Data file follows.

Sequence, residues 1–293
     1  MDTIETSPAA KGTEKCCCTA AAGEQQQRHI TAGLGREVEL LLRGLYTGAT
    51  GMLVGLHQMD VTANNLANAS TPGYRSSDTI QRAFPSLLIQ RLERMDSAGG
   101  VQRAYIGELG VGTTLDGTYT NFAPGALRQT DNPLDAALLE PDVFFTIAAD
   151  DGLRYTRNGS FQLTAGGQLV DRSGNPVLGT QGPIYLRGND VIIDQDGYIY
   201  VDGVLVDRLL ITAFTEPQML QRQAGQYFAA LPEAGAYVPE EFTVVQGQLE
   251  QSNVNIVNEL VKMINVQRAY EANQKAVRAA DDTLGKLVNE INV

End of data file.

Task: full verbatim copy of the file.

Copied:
Sequence, residues 1–293
     1  MDTIETSPAA KGTEKCCCTA AAGEQQQRHI TAGLGREVEL LLRGLYTGAT
    51  GMLVGLHQMD VTANNLANAS TPGYRSSDTI QRAFPSLLIQ RLERMDSAGG
   101  VQRAYIGELG VGTTLDGTYT NFAPGALRQT DNPLDAALLE PDVFFTIAAD
   151  DGLRYTRNGS FQLTAGGQLV DRSGNPVLGT QGPIYLRGND VIIDQDGYIY
   201  VDGVLVDRLL ITAFTEPQML QRQAGQYFAA LPEAGAYVPE EFTVVQGQLE
   251  QSNVNIVNEL VKMINVQRAY EANQKAVRAA DDTLGKLVNE INV